The Prince of Wales is taking part in BBC Radio’s Rethink project looking at how the world could change after the coronavirus pandemic.
Heir to the throne Charles will share his thoughts on the future of food production and the environment in two spoken essays via the airwaves on Friday.
He will praise the nation’s “dig for victory spirit” after people set about growing their own produce during the crisis.
The prince suggests food shortages across the nation may have encouraged many to think about sustainable supplies for the first time and the pandemic could lead to a “transformation” of the country’s food and agricultural systems.
On BBC Radio 4’s Farming Today, Charles will say: “It appears that most of us have given much more thought than perhaps has usually been the case to the story behind our food during Covid-19.
“Food availability was clearly an early issue; perhaps food shortages prompted many people to think for the very first time about whether they could depend on secure and reliable supplies of food in the post-Covid world?
“I was fascinated to hear that sales of vegetable seeds reached an all-time high as a ‘dig for victory spirit’ swept through the land and urban and country dwellers alike decided to requisition their gardens, allotments and window boxes to grow food in a way perhaps not seen since the Second World War.”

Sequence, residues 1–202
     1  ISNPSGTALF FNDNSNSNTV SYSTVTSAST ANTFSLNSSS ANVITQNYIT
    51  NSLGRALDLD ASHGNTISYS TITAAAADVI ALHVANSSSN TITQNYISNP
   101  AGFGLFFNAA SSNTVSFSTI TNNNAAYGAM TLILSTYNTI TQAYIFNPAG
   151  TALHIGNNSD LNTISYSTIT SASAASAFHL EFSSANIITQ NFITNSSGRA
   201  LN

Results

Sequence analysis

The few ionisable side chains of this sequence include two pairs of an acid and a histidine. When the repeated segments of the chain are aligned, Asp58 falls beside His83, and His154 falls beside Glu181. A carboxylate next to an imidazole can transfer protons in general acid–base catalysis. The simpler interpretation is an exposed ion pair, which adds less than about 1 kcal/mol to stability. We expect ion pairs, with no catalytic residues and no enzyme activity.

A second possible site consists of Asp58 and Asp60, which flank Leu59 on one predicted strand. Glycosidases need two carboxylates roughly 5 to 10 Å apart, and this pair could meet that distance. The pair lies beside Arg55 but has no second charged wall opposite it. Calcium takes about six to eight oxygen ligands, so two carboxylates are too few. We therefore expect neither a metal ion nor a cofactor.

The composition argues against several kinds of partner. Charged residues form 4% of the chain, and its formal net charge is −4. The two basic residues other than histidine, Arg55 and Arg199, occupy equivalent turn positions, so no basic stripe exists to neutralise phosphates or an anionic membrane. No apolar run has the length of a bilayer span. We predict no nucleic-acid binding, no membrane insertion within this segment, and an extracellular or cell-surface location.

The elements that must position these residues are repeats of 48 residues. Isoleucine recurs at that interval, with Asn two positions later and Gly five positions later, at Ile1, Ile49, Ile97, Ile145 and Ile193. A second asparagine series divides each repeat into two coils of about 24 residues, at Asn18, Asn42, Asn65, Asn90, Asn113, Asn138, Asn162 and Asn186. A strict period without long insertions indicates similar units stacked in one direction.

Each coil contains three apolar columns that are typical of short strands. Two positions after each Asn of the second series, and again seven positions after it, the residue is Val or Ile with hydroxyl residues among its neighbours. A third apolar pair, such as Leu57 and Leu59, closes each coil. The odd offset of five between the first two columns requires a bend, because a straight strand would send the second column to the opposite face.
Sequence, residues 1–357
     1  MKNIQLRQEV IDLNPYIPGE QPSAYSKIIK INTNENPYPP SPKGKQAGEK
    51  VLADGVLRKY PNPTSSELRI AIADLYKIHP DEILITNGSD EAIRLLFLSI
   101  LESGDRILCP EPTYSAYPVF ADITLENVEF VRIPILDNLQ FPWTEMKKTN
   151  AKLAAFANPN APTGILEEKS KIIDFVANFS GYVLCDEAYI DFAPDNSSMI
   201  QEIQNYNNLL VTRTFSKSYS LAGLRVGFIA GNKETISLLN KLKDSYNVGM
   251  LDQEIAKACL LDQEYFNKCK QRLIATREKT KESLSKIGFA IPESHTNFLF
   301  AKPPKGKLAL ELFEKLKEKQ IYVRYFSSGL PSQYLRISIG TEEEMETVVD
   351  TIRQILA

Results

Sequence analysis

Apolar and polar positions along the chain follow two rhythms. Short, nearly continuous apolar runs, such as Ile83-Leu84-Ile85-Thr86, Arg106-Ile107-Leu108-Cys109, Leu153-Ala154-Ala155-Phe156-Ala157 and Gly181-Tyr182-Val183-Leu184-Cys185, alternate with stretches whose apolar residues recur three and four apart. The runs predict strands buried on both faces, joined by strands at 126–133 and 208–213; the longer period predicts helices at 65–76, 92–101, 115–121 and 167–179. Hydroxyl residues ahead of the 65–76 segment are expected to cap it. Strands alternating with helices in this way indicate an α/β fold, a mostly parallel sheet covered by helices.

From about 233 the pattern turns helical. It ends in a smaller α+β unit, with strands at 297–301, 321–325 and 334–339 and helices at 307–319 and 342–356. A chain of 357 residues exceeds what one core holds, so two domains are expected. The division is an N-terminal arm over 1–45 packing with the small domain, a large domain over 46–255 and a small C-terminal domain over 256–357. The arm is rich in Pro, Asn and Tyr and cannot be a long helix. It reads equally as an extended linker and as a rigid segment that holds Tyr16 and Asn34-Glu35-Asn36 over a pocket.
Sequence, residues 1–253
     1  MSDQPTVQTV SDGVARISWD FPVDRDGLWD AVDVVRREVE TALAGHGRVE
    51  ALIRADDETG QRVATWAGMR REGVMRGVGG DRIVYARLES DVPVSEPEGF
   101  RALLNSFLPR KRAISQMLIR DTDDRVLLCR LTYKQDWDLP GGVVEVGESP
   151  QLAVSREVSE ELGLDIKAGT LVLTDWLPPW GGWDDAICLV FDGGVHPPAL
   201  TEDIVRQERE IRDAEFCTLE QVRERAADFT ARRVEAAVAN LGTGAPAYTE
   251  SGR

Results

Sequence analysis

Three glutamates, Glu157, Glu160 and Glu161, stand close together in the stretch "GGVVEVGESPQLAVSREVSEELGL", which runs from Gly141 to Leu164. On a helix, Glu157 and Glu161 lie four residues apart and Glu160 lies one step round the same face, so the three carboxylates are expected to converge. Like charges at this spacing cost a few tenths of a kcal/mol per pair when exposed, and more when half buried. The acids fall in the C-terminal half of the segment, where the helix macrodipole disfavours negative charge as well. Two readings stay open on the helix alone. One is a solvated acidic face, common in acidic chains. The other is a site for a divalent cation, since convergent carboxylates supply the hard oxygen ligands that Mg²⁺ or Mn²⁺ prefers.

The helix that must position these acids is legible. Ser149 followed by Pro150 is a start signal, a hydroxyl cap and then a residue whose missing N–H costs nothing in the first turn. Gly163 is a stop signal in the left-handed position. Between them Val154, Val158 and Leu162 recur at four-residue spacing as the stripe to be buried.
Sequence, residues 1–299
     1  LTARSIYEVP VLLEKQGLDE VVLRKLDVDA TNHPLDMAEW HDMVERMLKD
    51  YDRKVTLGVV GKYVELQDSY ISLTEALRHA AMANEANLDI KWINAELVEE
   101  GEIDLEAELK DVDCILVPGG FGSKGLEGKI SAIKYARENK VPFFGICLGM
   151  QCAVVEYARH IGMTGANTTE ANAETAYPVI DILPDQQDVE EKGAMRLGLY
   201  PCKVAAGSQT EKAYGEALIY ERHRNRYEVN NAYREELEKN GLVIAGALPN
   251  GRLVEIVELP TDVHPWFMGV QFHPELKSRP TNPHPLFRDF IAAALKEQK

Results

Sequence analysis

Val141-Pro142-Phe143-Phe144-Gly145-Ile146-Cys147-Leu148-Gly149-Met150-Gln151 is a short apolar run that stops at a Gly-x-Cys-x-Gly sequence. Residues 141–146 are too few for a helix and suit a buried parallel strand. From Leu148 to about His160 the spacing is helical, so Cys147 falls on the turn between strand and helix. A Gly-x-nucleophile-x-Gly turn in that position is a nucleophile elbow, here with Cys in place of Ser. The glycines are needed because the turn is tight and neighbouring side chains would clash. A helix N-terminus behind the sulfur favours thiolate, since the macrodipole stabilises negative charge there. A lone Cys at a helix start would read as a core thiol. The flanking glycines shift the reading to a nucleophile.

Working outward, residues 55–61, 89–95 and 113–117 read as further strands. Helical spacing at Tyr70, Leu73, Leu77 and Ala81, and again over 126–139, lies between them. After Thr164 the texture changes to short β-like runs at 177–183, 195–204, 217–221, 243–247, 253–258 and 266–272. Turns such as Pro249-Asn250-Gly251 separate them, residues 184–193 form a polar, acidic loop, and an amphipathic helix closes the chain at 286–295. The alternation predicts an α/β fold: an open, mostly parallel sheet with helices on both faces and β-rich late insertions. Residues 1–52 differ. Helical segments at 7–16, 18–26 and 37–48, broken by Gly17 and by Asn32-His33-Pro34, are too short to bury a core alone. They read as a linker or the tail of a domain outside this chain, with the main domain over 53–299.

He will add: “So, with the explosion of interest in local food, in box schemes and online sales, could a transformation of our food and agricultural systems be one of the lasting legacies of this very challenging period in human history?”
He will also appear on the World Service’s Newsday programme to warn that nature must be put at the centre of the economy.
The prince, who has long been a passionate campaigner on green issues, will say: “As we rethink our world in the wake of the pandemic, it is increasingly clear that the health and wellbeing of people and planet are inextricably linked.”
Charles will call for reforestation and a restoration of biodiversity.
“With so much opportunity in front of us, let us rethink our relationship with nature and reset for a better future. We have no time to waste,” he adds.
Each essay will also be available as a podcast, introduced by the BBC’s media editor Amol Rajan, on BBC Sounds.